are required to pay a total sum of $1,995 for the government tax. This amount
is to be paid through Western Union. When the winning is processed, you will
receive your final check a lump sum payment of $245,005. You are advised to
contact your claim agent for further clarification."
local consumer received these instructions in her notification that she had won
a lottery operated from England. The bad grammar indicates it actually came
from a country where English is not the first language. Accompanying the letter
was a check drawn on Bank of America for $4,995. Her claim agent would advise
her to deposit the check and wire the money somewhere to pay the taxes and
insurance on her winnings. Of course, the check wasn't really drawn on Bank of
America and would ultimately bounce, leaving her on the hook for the money she
may wonder how anybody could fall for this scam or any of the many others that
include fake checks as a component. The crooks are business people, however,
and wouldn't keep offering their product if there weren't enough people buying
it. A Consumer Federation of America survey a few years ago found that at least
1.3 million people have been the victims of a fake check scam, with the average
loss exceeding $3,000.
CFA and the National Consumers League have teamed up to educate consumers about
them. According to these organizations:
•Fake check scams remain the number one
complaint filed with the NCL's Fraud Center.
•An estimated one-third of adults encounter
artists target different aged victims with different variations of the scam.
For example, people between the ages of 18 and 30 are much more likely to be
targeted for the work-at-home version of the scam, while those who are 66 and
older are far more likely to be targeted for the sweepstakes/lottery version.
nearly all cases, the victims sent the money to the scammers using a wire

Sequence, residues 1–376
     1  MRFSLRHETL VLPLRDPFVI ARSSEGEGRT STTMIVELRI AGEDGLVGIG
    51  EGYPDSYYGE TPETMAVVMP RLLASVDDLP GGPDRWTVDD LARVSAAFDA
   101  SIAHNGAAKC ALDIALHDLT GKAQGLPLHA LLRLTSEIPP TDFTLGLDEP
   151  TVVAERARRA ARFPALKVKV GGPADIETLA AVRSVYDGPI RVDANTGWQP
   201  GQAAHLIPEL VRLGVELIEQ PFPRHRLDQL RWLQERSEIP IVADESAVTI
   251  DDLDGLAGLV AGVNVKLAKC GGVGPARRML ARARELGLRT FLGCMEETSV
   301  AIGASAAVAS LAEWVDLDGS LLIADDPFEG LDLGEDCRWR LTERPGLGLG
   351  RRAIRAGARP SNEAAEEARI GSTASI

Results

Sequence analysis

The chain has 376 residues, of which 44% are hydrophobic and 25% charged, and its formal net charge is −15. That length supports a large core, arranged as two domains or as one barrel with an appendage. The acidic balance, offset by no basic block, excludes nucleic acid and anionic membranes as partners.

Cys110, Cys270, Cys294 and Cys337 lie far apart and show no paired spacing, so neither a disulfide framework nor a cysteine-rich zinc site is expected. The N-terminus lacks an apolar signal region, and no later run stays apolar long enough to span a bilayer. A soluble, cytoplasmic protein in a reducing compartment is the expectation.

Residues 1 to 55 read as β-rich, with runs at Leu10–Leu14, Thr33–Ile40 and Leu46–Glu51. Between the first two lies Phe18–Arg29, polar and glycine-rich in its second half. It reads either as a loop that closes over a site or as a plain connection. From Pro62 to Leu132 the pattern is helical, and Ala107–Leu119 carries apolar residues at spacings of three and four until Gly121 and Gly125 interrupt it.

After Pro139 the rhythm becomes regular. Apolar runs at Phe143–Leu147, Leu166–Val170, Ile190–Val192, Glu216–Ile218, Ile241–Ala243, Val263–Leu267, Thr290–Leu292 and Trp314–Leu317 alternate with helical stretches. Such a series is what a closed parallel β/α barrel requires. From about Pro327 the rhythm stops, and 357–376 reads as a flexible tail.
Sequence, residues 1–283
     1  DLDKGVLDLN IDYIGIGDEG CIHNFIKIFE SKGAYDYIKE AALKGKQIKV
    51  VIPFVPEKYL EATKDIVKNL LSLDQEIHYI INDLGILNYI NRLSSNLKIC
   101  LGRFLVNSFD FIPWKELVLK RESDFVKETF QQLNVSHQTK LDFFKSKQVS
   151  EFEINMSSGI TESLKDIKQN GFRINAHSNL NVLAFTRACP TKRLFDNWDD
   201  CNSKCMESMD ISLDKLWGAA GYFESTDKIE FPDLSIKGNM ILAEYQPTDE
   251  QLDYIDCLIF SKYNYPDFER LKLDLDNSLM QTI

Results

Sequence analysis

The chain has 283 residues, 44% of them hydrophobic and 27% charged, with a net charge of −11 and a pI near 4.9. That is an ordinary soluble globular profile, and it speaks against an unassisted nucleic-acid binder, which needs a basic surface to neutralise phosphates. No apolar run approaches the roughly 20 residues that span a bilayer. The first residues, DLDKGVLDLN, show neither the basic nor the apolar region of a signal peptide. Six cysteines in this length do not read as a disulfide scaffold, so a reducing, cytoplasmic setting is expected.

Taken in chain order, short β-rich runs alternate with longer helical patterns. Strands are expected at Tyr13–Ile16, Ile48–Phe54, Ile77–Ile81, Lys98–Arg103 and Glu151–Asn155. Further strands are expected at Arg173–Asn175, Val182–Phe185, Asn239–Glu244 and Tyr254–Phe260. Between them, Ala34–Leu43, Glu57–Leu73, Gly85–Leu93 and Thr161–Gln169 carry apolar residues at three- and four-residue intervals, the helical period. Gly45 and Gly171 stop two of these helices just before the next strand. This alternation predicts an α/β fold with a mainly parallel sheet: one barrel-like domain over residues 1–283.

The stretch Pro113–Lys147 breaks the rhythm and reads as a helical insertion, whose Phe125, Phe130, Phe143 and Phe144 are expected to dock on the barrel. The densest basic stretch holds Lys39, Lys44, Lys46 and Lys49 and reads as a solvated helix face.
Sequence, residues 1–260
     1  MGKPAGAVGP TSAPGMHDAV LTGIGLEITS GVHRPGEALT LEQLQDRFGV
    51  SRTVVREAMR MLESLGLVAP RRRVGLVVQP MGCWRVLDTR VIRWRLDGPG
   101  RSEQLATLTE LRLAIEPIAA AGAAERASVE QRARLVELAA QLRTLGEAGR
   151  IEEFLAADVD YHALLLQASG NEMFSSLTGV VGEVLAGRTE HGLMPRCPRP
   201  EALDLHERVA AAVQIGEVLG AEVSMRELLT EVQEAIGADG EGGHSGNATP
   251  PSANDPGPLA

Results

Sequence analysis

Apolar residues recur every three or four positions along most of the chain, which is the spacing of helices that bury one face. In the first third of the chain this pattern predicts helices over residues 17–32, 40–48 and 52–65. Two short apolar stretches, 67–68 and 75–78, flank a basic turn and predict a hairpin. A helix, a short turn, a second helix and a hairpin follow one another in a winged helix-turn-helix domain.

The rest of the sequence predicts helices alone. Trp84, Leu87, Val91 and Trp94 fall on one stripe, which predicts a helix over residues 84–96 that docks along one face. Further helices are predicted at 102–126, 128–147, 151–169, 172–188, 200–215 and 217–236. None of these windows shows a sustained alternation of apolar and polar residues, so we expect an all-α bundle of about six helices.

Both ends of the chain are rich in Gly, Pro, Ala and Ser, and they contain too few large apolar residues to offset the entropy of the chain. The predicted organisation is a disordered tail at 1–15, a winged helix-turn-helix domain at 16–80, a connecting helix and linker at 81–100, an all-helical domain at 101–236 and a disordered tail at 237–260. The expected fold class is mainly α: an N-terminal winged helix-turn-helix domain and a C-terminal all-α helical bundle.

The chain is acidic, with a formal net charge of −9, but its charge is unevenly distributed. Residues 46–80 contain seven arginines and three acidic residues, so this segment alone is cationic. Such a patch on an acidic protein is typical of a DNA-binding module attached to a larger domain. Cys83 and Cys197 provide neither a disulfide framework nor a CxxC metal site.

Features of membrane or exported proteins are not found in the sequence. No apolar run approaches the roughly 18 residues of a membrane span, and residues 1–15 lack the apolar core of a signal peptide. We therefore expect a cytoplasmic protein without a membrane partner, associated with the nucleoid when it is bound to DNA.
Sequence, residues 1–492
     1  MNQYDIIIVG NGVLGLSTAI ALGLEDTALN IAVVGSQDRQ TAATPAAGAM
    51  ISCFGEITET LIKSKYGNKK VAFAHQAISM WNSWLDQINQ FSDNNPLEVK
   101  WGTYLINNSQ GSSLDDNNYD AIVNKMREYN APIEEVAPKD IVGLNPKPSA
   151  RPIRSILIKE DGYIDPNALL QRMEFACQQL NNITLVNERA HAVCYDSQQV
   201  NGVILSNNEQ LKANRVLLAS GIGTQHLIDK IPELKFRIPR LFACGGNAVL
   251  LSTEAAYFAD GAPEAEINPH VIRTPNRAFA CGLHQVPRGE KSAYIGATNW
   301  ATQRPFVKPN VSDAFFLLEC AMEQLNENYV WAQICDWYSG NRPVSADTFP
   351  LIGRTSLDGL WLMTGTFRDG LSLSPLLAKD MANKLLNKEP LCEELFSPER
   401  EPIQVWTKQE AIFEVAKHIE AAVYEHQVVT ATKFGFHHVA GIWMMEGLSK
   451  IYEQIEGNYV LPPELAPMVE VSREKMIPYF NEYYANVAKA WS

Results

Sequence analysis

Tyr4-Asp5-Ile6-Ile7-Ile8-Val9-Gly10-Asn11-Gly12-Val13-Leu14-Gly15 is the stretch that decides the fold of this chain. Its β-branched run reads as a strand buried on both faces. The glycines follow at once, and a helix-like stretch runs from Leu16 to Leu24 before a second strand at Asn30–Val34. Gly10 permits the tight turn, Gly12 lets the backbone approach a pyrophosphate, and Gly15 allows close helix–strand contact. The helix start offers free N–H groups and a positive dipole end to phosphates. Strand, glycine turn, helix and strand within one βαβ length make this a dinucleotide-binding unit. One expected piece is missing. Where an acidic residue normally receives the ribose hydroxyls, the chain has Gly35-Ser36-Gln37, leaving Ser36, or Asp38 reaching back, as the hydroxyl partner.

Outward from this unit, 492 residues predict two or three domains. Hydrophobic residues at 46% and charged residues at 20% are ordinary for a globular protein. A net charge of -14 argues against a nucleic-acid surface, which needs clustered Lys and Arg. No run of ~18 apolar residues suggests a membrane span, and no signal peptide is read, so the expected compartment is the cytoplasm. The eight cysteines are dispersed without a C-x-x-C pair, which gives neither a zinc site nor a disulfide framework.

transfer service. At the BBB, we hear from people all the time who have wired
money to Canada, Spain, Jamaica and other foreign countries.
two organizations have released new tips, "Five Things You Should Know to
Avoid Fake Check Scams," to help consumers identify the scam in its
various forms and avoid losing their money. Along with the tips, CFA is
releasing new videos about the most common fake check scams — the
sweepstakes/lottery and work-at-home versions.
and NCL warn that:
someone gives you a check or money order and asks you to send money somewhere
in return, it's a scam.
familiar company name doesn't guarantee that it's legitimate.
check or money order may be fake even if your bank or credit union lets you
have the cash.
the check or money order bounces, you'll have to pay the money back to your
bank or credit union.
money using a money transfer service is like sending cash — once the crook
picks it up, you can't get it back from the service.
mystery shopper job offers are another common fake check scam. One letter a
consumer sent contained the logos of Pizza Hut, McDonald's and Sears, and
included a check purportedly drawn on a local bank — all intended to
add legitimacy to the offer.
Kathy Graham is the President and CEO of the BBB of Coastal Carolina.